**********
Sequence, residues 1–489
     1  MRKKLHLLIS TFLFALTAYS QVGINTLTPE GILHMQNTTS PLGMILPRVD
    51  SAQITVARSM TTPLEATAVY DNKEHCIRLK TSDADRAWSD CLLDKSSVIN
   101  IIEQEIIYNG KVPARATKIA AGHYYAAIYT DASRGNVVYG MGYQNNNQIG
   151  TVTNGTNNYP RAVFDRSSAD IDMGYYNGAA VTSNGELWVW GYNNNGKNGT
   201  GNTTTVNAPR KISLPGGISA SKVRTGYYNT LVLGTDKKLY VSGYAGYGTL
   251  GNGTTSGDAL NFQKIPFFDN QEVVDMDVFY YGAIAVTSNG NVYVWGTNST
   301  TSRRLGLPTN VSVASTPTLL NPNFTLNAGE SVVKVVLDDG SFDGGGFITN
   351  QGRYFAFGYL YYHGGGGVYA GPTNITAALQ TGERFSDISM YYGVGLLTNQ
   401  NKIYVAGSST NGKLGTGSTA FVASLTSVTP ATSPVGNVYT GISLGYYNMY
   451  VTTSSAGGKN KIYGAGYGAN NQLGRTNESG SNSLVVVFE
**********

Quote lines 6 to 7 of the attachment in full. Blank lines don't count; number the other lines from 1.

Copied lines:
   201  GNTTTVNAPR KISLPGGISA SKVRTGYYNT LVLGTDKKLY VSGYAGYGTL
   251  GNGTTSGDAL NFQKIPFFDN QEVVDMDVFY YGAIAVTSNG NVYVWGTNST